How to Store Dry Pasta Long Term & What is the Shelf Life?

Pasta is something we like to keep on hand. Our kids eat mac and cheese and spaghetti without complaining and pasta dishes are generally quick and easy to make and so versatile to make into different things. The last time I was at the store stocking up on our favorite kinds it made me wonder, does pasta go bad? How long is the shelf life of pasta? And how should I store the pasta to extend its shelf life long-term?

How to Store Dry Pasta Long-Term?

Pasta should be stored in a cool and dry location such as a storage room or pantry. Also, pasta is best-stored long-term in a sealed airtight container that protects it from moisture, air, light, and insects.

Pasta storage conditions include:

  • Cool place
  • Dry place
  • Dark place
  • Insect free

Airtight-sealed packaging options for pasta include:

  • Original packaging
  • Mylar bags
  • Glass jars 
  • Plastic bags
  • Bucket with bags (for further protection)

Best Way to Store Dry Pasta Long Term

The best way that I have found to store pasta is to package it in mylar bags with oxygen absorbers and then store those mylar bags in buckets for additional protection. Here are the 5 steps that I take to package and store dry pasta long-term. 

  1. Preheat sealer
  2. Fill mylar bags with pasta
  3. Place the correct amount/size of oxygen absorber in pasta (see the below chart). Push the absorber down into the pasta to reduce exposure to oxygen
  4. Press out as much air as possible in the bag 
  5. Seal mylar bag

*It is best to work quickly or in smaller quantities to avoid exposing oxygen absorbers to too much unnecessary oxygen. I have learned from years of experience and research how to use oxygen absorbers, learn how to use oxygen absorbers and which foods are best to use them with.

**We have used our vacuum sealer’s heat sealer to seal our mylar bags. You can also use an iron or flat iron in a pinch. However, we recommend using an actual heat sealer like this one(see on Amazon).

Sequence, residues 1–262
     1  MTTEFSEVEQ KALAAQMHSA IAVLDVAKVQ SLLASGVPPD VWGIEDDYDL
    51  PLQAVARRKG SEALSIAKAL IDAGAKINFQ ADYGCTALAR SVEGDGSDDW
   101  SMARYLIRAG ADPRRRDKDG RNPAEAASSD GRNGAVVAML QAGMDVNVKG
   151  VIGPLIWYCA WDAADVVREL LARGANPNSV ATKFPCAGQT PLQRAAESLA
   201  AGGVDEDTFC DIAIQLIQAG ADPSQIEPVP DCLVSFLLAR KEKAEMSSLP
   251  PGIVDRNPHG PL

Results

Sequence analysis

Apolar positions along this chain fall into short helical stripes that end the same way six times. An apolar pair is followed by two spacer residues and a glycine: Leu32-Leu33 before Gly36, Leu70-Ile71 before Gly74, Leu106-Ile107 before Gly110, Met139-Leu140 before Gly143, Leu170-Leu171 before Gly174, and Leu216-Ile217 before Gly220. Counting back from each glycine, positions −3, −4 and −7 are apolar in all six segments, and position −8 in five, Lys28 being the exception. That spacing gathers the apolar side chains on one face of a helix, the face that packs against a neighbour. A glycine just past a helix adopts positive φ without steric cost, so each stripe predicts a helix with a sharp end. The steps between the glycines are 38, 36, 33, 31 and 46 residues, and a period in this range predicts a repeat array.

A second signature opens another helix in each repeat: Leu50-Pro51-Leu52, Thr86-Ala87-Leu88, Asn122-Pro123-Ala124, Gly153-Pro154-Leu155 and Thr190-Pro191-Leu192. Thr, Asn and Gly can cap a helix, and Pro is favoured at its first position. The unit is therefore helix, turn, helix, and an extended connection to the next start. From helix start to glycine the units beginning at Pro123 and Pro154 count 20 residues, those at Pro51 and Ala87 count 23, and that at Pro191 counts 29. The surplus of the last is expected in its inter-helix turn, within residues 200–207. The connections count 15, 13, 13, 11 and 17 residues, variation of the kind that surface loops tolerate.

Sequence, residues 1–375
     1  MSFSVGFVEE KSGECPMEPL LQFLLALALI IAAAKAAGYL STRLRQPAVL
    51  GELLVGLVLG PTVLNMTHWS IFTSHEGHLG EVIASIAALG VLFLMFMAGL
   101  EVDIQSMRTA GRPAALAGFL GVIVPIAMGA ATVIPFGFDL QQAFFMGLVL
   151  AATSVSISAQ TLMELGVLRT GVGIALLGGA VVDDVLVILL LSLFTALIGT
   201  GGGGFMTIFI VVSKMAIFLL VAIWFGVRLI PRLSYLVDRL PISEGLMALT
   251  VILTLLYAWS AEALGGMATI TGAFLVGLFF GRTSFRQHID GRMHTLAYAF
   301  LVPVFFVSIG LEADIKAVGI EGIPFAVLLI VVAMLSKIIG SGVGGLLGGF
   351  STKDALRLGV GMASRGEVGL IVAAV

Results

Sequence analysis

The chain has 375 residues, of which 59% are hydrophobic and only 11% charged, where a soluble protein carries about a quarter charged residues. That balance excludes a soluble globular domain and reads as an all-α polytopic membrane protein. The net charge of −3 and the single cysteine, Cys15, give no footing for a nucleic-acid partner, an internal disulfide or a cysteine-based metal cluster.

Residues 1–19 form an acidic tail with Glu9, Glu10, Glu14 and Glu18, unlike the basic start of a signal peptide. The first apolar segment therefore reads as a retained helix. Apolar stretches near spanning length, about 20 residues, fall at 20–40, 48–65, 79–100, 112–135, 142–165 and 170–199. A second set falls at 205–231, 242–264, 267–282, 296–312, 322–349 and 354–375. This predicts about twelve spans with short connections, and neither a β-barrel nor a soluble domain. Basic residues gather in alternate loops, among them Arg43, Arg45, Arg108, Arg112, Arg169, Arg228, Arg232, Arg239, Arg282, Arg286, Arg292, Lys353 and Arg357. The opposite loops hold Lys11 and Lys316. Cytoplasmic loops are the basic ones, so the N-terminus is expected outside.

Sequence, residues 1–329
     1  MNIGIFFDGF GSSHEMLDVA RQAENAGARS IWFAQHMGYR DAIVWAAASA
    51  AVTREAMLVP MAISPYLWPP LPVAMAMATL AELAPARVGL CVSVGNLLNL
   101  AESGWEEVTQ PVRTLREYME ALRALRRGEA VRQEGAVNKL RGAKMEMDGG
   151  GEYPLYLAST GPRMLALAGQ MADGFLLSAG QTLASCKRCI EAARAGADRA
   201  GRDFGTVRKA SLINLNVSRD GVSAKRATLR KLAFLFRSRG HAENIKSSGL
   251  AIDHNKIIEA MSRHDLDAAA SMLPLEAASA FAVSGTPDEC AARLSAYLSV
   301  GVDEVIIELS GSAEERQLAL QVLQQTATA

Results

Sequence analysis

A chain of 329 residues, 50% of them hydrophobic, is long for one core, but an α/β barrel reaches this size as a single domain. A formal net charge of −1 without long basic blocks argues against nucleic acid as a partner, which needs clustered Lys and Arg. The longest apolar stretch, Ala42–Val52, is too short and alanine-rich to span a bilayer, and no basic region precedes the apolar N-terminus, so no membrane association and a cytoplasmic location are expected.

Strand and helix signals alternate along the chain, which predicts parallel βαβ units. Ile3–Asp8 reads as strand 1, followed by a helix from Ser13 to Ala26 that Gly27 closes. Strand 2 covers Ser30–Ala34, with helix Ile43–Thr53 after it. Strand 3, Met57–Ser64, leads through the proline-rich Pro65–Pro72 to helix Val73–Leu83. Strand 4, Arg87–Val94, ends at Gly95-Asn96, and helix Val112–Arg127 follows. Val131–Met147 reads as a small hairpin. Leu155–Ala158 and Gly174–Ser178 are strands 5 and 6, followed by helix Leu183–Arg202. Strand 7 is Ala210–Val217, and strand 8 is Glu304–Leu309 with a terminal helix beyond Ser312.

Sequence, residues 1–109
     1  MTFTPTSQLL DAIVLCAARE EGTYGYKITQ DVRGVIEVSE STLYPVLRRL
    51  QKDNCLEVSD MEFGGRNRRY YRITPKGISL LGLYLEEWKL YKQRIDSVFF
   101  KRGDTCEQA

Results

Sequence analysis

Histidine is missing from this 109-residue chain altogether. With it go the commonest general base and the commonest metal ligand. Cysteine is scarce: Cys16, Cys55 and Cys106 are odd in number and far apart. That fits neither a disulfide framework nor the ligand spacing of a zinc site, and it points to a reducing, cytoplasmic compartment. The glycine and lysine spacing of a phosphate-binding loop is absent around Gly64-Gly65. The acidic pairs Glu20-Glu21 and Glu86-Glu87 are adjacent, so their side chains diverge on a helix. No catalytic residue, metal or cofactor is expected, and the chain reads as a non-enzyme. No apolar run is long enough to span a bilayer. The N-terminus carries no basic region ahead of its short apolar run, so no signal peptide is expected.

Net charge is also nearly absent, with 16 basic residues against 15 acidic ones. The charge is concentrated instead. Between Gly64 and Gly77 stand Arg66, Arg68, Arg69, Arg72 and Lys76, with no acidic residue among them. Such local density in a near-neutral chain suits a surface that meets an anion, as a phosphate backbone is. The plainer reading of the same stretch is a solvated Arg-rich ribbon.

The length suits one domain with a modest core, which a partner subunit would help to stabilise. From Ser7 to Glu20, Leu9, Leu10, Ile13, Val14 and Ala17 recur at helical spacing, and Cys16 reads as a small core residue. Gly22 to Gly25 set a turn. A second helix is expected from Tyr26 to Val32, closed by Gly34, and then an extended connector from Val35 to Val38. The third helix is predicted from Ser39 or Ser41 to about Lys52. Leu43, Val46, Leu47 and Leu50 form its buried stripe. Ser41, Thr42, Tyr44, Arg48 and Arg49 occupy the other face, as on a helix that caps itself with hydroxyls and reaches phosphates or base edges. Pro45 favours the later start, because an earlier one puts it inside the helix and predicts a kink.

Using Oxygen Absorbers in Pasta Storage

It is important to know the correct size of oxygen absorber you’ll need depending on the size of the storage container you are using. Here is our EZ Oxygen Absorber Size Chart to help you make the right choice.

EZ Oxygen Absorber Size Chart 
Dry Food Items1 Quart (8×8 inch bag)#10 Can/.82 Gal.(10×16 inch bag)5 Gallon Bucket(20×30 inch bag)6 Gallon Bucket(20×30 inch bag)
Flour/Powders50 cc’s100 cc’s350 cc’s400 cc’s
Sugar50 cc’s100 cc’s500 cc’s600 cc’s
Grains (wheat)50 cc’s150 cc’s90 cc’s1100 c’s
Beans100 cc’s200 cc’s1100 cc’s1300 cc’s
Long Pastas (spaghetti) 100 cc’s250 cc’s1300 cc’s1500 cc’s
Small Pastas (elbow)100 cc’s350 cc’s2000 cc’s2300 cc’s
The above chart is an oxygen absorber size chart.

Be careful when using plastic bags to vacuum seal pasta because pasta is ridged enough to puncture the plastic bags. Mylar bags and glass jars are safer storage containers for pasta when storing it for the long term.

How to Store Pasta so it will last for 25+ Years

How Can You Store Pasta Long-Term? Extending Pastas Self Life

To store pasta long-term you want to create an environment that has no moisture, air, or light. Pasta already has little to no moisture, this helps create an environment that is nearly impossible for bacteria to grow.

Because of the low moisture content, pasta is great for long-term storage on its own. However, there are a few ways you can extend the shelf life of your pasta. 

5 ways to extend the shelf life of pasta

  1. Airtight container
  2. Vacuum seal in original box
  3. Glass Jars with oxygen absorbers
  4. Mylar bags with oxygen absorbers
  5. Ziplock bags

Airtight container: moving pasta from its original packaging to an airtight container can help extend the shelf life by limiting the air and moisture that can get into the pasta. It will also keep out pests. 

Here are our favorite airtight containers on Amazon 

Vacuum sealing:  storing pasta in its original box gives it some extra strength for long-term storage. This is especially nice for pastas such as spaghetti and fettuccine that can break and turn into small pieces over time.  It is a good idea to store these bags in a hard container such as a bucket for added protection from rodents, insects, and light.